The Mani peninsula, the middle finger of the three in the south of Peloponnese, is wild, beautiful and different. The steep and once nearly impassable mountain landscape was home to a violent and proud people, the maniotes. They built houses shaped like towers, to make them almost unconquerable to the enemy - but also because they needed to be safe from their neighbours; the feuds among them were many and hard and blood vengeance was the norm. Skilled warriors were created here, like , the general that more than anybody gets the honour of having freed Nafplio from the Turks.
It’s much more peaceful in the Mani these days, and a lot to explore, so it’s not a bad idea to go on a two or three days trip here.
The name Mani has, as you might guess, given us the words mania and maniac.
Here you will find our suggestions for a tour of the peninsula Mani. You'll need to stay for a couple of days, and a car.
Wild beauty, wonderful villages
We begin in the northeastern part of the Mani, in Gythio, a charming port town and major town in the Mani. Gythio has a long and colourful history, but was destroyed by earthquake in 375 AD. It began to grow again in the late 1800's, which the many neo-classical houses testify too. In Gythio it’s nice to just stroll around, or sit down at a cafe or tavern overlooking the bay. If you're hungry for history, visit the Museum of History and Ethnology at the sweet little island Kranai at the south part of the town. In the north you'll find the Archaeological Museum and a small, two thousand years old amphitheater. Fine beaches are also found near the town, we like Glyfada (also called Valtaki), it's long and nice and has a dramatic shipwreck at the water's edge.
THE SOUTHERNMOST EUROPE
We continue southwards. The landscape is changing, it becomes increasingly barren and wild for every mile, and small Byzantine churches and villages of tower houses tempt us to stop and admire them. Cape Tenaro, the southern tip of Mani, is the southernmost point of Europe's mainland. The scenery here is naked and magnificent, so do spend some time here, either taking a coffee in Porto Kagio, enjoy a beach or stroll all the way to the end of the cape.
Then we head north, on the west side of Mani, to Vathia, which probably is the most beautiful village in the area, and also the one who was most notorious for its internal feuding. While walking between the distinctive tower houses, you’ll soon see that most of them are abandoned, and unless you come at the same time as a bus load of tourists, you’ll notice there’s a both beautiful and sad mood here. At least we think so.
There's a newer building here that houses both a hotel and a cafe, only the cafe was open when we were here (2017) - and please have a beverage there, because the view is amazing!
You won't find this village in the guidebooks. This little gem is on the east coast of Mani, and it comes with a beautiful old town, a couple of cafes and a shop selling "everything". There are many such small villages along the east coast, but we present this because we like the ambiance and think it's so lovely to wander around the old town. Between Flomochori and Kotronas lies the charming pebble beach Chalikia Vata.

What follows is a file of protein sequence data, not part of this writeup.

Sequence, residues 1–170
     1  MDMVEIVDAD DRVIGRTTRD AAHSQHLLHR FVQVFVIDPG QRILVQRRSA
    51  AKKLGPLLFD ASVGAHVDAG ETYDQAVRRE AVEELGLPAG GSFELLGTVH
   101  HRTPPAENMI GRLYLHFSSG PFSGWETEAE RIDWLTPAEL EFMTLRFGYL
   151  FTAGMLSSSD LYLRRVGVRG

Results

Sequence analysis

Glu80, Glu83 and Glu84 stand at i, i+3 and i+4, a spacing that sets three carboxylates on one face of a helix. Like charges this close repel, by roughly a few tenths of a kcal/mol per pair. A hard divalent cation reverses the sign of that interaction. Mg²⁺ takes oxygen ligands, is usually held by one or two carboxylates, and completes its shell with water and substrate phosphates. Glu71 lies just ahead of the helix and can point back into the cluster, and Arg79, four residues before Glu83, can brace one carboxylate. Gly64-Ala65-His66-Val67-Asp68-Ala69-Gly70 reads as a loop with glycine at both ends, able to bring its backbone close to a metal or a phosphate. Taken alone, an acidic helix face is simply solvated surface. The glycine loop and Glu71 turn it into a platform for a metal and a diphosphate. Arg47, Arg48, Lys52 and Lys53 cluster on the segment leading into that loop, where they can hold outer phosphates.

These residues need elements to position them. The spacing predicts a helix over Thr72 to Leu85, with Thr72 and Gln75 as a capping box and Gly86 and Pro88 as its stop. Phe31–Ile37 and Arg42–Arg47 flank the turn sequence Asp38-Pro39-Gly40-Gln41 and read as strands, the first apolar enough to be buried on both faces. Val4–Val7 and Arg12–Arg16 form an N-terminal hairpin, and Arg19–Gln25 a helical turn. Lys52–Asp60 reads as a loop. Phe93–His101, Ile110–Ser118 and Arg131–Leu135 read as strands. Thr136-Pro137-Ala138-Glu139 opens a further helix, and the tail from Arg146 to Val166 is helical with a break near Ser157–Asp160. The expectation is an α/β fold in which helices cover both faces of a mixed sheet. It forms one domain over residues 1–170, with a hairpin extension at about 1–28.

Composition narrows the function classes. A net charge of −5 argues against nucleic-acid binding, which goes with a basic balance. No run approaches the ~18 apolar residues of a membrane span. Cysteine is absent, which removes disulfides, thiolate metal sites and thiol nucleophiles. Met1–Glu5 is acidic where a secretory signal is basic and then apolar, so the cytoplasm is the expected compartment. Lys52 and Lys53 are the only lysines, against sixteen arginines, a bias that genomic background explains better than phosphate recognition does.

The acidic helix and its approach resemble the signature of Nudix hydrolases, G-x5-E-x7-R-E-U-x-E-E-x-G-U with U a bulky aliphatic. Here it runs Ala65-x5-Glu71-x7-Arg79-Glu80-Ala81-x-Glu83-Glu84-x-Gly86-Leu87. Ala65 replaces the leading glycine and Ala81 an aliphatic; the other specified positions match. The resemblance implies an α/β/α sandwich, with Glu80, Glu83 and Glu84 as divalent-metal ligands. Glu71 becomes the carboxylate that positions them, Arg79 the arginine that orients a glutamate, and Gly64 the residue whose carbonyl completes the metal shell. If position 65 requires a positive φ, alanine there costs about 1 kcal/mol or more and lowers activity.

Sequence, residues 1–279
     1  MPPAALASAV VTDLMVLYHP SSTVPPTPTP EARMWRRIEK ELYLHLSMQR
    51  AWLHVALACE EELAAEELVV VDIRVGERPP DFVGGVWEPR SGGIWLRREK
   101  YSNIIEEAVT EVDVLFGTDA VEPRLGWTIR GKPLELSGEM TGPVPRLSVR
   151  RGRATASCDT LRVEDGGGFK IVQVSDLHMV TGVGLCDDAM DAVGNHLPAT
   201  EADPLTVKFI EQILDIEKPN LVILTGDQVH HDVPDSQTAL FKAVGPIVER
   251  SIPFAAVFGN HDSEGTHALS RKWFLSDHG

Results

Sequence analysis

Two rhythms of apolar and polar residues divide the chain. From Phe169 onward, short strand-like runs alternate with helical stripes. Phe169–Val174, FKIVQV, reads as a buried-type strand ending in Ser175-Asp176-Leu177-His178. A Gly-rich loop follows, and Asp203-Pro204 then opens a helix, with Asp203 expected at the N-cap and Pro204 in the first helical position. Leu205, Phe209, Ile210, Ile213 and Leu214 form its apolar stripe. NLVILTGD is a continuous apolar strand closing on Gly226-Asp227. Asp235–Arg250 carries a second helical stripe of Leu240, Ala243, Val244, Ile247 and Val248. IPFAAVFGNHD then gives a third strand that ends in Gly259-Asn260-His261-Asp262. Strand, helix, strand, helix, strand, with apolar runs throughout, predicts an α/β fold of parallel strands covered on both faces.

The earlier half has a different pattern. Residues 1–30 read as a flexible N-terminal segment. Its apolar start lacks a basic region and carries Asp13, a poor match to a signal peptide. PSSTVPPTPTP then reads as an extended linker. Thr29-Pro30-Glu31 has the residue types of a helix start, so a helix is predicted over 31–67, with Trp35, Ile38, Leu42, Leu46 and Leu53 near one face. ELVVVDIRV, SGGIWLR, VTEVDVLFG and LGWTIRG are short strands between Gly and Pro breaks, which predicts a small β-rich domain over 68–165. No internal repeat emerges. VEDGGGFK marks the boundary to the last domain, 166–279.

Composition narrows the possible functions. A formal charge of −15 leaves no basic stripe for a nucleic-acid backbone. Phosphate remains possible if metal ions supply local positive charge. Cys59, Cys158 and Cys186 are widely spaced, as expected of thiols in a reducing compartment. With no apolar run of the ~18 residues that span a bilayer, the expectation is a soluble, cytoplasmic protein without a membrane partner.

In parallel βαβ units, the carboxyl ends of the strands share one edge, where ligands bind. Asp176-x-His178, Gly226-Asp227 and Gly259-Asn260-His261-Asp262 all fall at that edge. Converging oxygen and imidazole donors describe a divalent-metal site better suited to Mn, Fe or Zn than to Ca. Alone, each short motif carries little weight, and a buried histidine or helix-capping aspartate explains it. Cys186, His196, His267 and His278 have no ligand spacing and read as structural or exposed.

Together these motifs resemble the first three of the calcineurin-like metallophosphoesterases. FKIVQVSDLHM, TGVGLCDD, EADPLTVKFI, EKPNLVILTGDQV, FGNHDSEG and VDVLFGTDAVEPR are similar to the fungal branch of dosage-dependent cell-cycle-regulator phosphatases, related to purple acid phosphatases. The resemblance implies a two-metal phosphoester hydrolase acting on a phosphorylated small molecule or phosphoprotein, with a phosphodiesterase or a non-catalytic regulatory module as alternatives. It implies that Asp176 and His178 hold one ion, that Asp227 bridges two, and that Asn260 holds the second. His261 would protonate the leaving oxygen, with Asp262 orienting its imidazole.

AGIOS NIKOLAOS, STOUPA and KARDAMYLI
These three villages are popular package tour destinations for Northern Europeans. First we come to Agios Nikolaos (pictured), which we think is the prettiest of the three, with its picturesque fishing port and beautiful old houses. Furthermore, we drive up to Stoupa, the British have embraced this one. Just north of Stoupa lies Kalogria beach, and in fact, Katzantzakis and Zorbas lived here when they started mining, even though the author has moved them to Crete in the book. At last, we end up in Kardamyli, which has a small, beautiful old town and a happy and lively main street.
Then you can continue your trip towards Areopoli, and possibly stop just south of it. There you'll find the Diros Caves, which embraces a portion of a river that flows through the mountains. This is a wonderful, magical place, always quiet, always pleasantly cool. Sitting on small boats, you will be rowed on the river, above the stalagmites and below the stalactites, that flashes and shines in beautiful colours. The caves, which was rediscovered about 100 years ago, was also known in the Stone Age and after, and once thought being part of the underworld. Well, for all we know, someone might still think they do.
You can learn more about the history at the Neolithic museum near the caves.
Areopoli is one of our favorite towns in Mani. It looks boring and nothing special when you approach it, but the old town is amazing, with lots of history in it's walls.
Gerolimenas means Sacred Port, which indicates that this has been an important place once in the past. Now, the small village of tavernas, bars, hotels and some residential houses has a strange and distinctive beauty that only has to be experienced. The beach breaks with turquoise sea, and it's all pretty wonderful.
DIROS CAVES and AREOPOLI
THE MOUNTAIN VILLAGES and VYROS GORGE
We have stayed on the main road that runs along the coast, now we will turn off on a winding little road that goes up the mountains between Kardamyli and Stoupa. Here lies many cute villages in a stunning nature, visit, for instance, Proastio, Exocori, Saidona and Kastania. We love Proastio the most (picture left) it's so beautiful, resting on a mountain side.
Just north of Exochori is Chora, a handful houses and a hotel called Faraggi. The picture below is taken from the hotel's terrace, there's a cafe that everyone can visit, and you can enjoy the views as seen below. This is the Vyros gorge, a mighty sight, where the highest mountain is 2200 meters. There is a hiking trail along the gorge from Chora, please use it!